Which factors are related to the presence of atherosclerosis in rheumatoid arthritis?Scand J Rheumatol 2004; 33(6):373-9SJ
An accelerated progression of atherosclerosis may contribute to the increased mortality due to cardiovascular disease reported in rheumatoid arthritis (RA). The aim of this study was to identify variables, related to disease onset as well as to disease progression, of importance for the presence of atherosclerosis, as diagnosed by B-mode ultrasonography, in patients with medium-term RA. The results are based on the co-analysis of retrospective data as well as cross-sectional data. The impact of RA per se on atherosclerosis was evaluated relative to age- and sex-matched controls.
Thirty-nine RA patients, with a maximum age of 65 years, who had previously been included in a large retrospective cohort study, were assessed by duplex scanning after a disease duration of 19-23 years. In the present study, factors identified in the two earlier studies were assessed for their potential relationship with intima-media wall thickness (IMT) of the common carotid artery (CCA), and the presence and grade of atherosclerotic plaques of the CCA and the common femoral artery, in regression models. The candidate co-variates were: variables reflecting inflammatory activity at disease onset and at the time of ultrasound assessment, established cardiovascular risk factors, pharmacological treatment [corticosteroids, disease-modifying anti-rheumatic drugs (DMARDs)], and the presence of complications and co-morbidity identified during disease progression, as well as lipid levels, anti-lipid antibodies, haemostatic factors, and markers of immune activation measured at ultrasound assessment.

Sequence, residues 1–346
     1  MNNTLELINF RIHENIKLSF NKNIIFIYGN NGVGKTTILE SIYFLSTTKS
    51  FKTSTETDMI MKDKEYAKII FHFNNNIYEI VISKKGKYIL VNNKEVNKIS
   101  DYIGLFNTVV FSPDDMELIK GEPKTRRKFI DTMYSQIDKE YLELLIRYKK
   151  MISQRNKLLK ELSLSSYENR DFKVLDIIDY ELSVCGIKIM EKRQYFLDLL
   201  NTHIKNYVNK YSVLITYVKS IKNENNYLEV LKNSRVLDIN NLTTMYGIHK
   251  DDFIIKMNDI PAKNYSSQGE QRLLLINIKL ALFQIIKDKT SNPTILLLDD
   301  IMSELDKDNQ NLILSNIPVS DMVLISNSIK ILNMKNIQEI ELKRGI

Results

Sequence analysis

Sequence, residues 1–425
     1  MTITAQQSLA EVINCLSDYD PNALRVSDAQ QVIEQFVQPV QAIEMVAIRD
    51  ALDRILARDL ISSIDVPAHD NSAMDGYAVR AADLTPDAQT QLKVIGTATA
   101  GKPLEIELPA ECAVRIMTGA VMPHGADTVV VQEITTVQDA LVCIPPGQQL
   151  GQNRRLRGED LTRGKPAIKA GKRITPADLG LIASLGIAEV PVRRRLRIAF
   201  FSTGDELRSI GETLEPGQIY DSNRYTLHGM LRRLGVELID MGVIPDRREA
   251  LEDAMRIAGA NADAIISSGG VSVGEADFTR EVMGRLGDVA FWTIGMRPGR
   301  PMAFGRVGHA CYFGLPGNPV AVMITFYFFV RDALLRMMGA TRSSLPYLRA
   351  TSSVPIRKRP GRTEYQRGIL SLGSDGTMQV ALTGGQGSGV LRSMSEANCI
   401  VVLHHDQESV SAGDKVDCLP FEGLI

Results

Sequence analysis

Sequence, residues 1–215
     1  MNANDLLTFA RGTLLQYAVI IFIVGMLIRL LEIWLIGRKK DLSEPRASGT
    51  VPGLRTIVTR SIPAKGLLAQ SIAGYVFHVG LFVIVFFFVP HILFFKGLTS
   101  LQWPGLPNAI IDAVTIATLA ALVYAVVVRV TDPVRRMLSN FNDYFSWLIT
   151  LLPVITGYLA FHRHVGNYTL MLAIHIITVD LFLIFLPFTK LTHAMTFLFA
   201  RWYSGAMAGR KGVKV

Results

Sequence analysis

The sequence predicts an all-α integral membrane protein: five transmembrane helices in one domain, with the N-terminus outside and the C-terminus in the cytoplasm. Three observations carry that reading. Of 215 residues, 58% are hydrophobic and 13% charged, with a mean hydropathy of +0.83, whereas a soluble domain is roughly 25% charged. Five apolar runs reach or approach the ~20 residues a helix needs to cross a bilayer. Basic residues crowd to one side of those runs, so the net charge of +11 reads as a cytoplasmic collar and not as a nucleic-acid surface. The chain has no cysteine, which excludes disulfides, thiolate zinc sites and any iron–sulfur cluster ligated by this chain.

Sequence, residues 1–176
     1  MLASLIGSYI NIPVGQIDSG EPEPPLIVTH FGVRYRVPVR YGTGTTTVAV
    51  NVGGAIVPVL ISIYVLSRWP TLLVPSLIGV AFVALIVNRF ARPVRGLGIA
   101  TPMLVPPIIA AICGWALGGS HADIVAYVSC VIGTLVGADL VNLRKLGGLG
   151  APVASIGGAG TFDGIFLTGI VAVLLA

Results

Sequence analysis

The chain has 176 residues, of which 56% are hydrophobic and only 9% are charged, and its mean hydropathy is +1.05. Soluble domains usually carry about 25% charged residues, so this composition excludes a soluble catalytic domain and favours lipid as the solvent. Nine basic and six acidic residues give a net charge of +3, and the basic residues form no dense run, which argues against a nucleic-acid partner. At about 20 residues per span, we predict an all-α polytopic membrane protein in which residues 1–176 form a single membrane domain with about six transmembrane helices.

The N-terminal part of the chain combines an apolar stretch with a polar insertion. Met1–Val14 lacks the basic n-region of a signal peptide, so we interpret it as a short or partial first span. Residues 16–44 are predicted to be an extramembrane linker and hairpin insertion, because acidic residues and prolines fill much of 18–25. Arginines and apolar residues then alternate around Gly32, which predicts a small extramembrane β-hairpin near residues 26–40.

In patients with RA, analysis of simple linear regression models revealed those variables significantly associated with IMT-CCA to be age, tissue plasminogen activator (tPA) antigen, cholesterol, low density lipoprotein (LDL)-cholesterol, triglycerides, and atherosclerotic plaques while neither inflammatory status at disease onset, traditional cardiovascular risk factors, or pharmacological treatment during disease had any significant impact on IMT. In an estimated multiple linear regression model, variables associated with increasing log of IMT-CCA were the log of cholesterol and of soluble intracellular adhesion molecule 1 (sICAM-1), while methotrexate treatment tended to have a decreasing effect. In simple binary logistic regression, atherosclerotic plaques were associated with age, IMT-CCA, smoking, and the levels of sICAM-1, sE-selectin, interleukin-2 soluble receptor alpha (IL-2sRalpha), plasminogen activator inhibitor-1 (PAI-1) mass, cholesterol, LDL-cholesterol, and the LDL/high density lipoprotein (HDL) ratio. A multiple approach indicated that plaques were associated with age, cholesterol, and sE-selectin. Severe plaques were associated with LDL-cholesterol and disease duration. Logistic regression in the age- and sex-matched case-control study revealed that IMT-CCA was, together with the D-dimer, associated with RA per se.
Levels of lipids and adhesion molecules were associated with the presence of atherosclerosis in RA. IMT-CCA was associated with RA per se. Disease duration could predict severe atherosclerotic plaques. Treatment with methotrexate seemed to decrease the IMT-CCA.